Elementary Lesson Plan: Misc.Mary L. Proctor

Mary L. Proctor

Mary L. Proctor

Elementary Art Lesson Plan: Misc: Objectives

The Objectives are for students to…

  • learn about using mixed media with paint and found objects

  • to learn about a local female artist

  • learn about self-expression through art

  • learn basic design principles and art processes

Elementary Art Lesson Plan: Misc: Procedure

  • There will first be a discussion lead by the art teacher about the artist and a critique of the artwork. The principles of design that will be discussed are:

    • Colors used, Patterns of color and repetition, what Found Objects are used and how they relate to the overall image, are the shapes mostly organic or geometric? Symmetrical or asymmetrical? Is there texture or is the surface flat?

  • Questions about content may be:

    • What is the main subject? Is it over all happy or sad or are there other feelings that are conveyed? Are the words/text important to have on the image? Does the artist have their own style? In other words, would you recognize this artist by looking at one of the artworks again?

Elementary Art Lesson Plan: Misc: Procedure

  • The students will begin an assignment to create a piece of art, inspired by Mary L. Proctor.

  • The first part of the assignment is to sketch a character in their sketchbooks with pencil and write a thought, feeling, or memory (or several to choose one from) that they think the character they create wants other people to know or think about. It can be one or several sentences.

  • Next, they will draw their final idea on a piece of plywood. With tempera paint, they will paint the background behind the figure first, with one solid color and with one repeated symbol (such as a star or shape they made up) in a contrasting color.

Elementary Art Lesson Plan: Misc: Procedure

  • They will then use the tempera paint for their figures with free color choice, depending on whatever is available, and finally, they will pick one block of color on the image to glue on found objects they will brought from home. They can be objects that are all mainly one color, or they can be various colors (examples: buttons, fabric scrap, wallpaper scrap, old jewelry, product labels, beads, stamps, etc).

  • And in the last step, text will be added around the central image in a color that contrasts with the background (black or white, depending on the background color).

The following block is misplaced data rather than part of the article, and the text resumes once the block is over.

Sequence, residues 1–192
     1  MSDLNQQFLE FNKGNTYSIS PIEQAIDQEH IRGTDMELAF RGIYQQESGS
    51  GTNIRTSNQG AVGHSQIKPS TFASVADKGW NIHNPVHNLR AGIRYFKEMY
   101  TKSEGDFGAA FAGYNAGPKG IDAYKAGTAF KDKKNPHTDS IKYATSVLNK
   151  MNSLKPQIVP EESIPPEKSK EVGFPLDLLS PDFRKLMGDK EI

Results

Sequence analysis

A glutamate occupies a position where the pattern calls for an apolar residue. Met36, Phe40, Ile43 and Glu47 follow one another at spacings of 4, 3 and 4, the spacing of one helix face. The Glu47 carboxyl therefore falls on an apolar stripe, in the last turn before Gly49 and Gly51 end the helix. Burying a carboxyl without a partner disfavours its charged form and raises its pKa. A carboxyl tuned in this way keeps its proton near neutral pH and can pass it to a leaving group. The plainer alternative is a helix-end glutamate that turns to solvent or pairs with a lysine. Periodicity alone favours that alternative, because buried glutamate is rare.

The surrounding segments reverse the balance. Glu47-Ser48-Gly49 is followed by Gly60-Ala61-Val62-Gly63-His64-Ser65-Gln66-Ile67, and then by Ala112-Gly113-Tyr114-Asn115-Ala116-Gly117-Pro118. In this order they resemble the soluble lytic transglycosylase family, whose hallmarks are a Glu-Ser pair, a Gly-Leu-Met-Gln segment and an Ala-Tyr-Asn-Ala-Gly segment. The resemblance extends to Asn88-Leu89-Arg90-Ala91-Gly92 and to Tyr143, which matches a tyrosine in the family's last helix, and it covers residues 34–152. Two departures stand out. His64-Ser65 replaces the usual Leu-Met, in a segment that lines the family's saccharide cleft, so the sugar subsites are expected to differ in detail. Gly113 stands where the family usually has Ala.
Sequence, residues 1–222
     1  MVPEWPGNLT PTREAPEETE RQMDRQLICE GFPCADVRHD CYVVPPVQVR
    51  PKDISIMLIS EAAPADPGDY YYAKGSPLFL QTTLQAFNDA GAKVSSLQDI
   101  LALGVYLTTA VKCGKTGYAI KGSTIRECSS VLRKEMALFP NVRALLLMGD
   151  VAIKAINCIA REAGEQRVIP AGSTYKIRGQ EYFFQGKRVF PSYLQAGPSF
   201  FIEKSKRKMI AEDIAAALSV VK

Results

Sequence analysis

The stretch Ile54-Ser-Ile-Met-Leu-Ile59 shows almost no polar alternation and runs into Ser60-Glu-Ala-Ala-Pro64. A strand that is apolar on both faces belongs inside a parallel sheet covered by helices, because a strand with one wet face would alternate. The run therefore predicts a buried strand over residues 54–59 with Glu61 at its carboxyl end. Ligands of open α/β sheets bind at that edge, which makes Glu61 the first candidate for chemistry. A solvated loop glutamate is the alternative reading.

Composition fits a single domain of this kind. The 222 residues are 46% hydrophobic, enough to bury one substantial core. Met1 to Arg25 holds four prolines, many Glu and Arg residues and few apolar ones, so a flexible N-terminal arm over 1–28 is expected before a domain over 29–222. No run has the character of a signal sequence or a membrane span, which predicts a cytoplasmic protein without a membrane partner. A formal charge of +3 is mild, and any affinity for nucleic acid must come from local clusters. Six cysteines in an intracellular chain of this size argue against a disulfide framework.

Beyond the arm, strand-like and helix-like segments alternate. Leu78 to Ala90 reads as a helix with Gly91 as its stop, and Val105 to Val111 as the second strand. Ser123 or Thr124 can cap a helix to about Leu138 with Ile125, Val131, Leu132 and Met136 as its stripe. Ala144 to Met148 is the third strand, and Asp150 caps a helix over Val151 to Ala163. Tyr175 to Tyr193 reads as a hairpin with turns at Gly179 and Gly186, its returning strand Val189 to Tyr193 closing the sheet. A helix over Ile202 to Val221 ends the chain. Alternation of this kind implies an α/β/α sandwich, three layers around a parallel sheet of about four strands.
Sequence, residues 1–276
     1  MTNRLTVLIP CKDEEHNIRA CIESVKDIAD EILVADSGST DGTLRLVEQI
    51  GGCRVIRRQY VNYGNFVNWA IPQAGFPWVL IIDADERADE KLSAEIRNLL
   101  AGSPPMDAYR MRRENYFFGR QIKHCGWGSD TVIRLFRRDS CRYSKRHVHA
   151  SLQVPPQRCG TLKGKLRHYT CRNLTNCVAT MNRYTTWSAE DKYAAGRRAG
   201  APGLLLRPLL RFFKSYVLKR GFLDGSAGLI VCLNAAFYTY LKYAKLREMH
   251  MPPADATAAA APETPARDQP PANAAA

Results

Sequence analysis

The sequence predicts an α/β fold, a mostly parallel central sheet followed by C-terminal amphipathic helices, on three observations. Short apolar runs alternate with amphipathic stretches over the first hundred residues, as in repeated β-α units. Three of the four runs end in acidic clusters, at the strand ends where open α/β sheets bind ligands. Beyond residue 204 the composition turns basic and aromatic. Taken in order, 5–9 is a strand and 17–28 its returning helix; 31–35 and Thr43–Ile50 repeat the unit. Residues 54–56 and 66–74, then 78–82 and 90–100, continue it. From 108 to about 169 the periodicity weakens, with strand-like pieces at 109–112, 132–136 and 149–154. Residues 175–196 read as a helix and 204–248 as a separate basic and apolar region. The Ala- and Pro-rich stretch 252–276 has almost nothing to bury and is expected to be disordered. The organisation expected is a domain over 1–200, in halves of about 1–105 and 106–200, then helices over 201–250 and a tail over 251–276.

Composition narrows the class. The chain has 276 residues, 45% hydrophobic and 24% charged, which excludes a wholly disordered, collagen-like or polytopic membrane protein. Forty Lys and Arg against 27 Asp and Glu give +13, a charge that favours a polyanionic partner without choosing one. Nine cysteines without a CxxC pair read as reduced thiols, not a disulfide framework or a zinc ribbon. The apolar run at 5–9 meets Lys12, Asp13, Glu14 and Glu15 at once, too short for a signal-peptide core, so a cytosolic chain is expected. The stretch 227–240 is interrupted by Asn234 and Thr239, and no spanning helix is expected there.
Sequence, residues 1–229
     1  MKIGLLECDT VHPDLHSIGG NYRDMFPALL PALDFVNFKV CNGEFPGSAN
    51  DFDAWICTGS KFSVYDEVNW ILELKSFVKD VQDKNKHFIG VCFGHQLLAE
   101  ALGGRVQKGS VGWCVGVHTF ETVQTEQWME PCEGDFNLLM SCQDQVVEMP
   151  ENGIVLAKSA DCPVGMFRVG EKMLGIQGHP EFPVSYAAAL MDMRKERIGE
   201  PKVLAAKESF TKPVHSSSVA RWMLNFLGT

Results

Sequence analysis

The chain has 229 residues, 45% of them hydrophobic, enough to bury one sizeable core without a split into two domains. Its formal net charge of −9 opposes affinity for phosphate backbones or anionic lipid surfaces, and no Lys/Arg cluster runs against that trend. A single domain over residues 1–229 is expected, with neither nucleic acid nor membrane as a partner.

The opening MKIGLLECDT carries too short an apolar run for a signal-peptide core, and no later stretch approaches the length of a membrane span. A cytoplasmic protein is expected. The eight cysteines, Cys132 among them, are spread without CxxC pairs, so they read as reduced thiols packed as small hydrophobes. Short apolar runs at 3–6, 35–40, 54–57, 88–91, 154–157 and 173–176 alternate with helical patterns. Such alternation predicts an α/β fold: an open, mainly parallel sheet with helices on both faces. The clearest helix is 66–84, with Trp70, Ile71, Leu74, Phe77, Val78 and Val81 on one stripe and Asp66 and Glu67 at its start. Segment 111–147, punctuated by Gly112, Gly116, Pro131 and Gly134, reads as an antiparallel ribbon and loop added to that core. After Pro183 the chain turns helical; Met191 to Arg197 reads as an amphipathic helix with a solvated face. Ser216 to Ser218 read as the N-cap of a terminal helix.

Secondary Lesson Plan : 2-DKay Walkingstick

Kay Walkingstick

Kay Walkingstick

Secondary Lesson Plan: 2-D: Objectives

  • Introduce students to a contemporary, female artist and tackle issues of stereotyping and prejudices

    • Rather than contriving a project that simplifies artifacts, possibly misrepresenting another culture, or risks visually mimicking a culture’s sacred practices (Gude, 2007), this is a way to see the point of view of a contemporary artist visually sharing her own experiences

    • Learn to critique and interpret formal characteristics and content of artwork in depth

  • Learn how humor can be used to convey and work through serious subjects and make cultural statements

Secondary Lesson Plan: 2-D: Procedure

  • This lesson will begin with a formal critique of the three selected works by Kay Walkingstick. Students are to first thoughtfully and critically write about the artwork, referring to the art analysis chart, adapted from four areas of analysis by Marlene Linderman (Appendix). We will then critique them together as a class, led by the art teacher.

  • Students will create their own acrylic painting that is inspired by Kay Walkingstick. One half will be a representational self-portrait, with images or icons in the background that represent themselves visually. The other half will have a sentence about an experience they have had that made them feel different or as if they didn’t belong in some way, stereotyped/categorized, unfairly judged or misunderstood. They are encouraged to inject some type of humor, as long as it remains appropriate.

  • Finally, there will be an informal critique on students’ final pieces.

Secondary Lesson Plan: 3-DSean O’Meallie

Sean O’Meallie

Sean O’Meallie

Secondary Lesson Plan 3-D: Objectives

Students will learn…

  • learn to work with clay and paint

  • to understand how the relationship between mediums and use of color can be used to convey a message

  • how contrasting an image from its true state can imply different connotations

  • to make connections between sculpture and culture

  • to interpret meanings in three-dimensional, conceptual artworks

Secondary Lesson Plan: 3-D: Procedure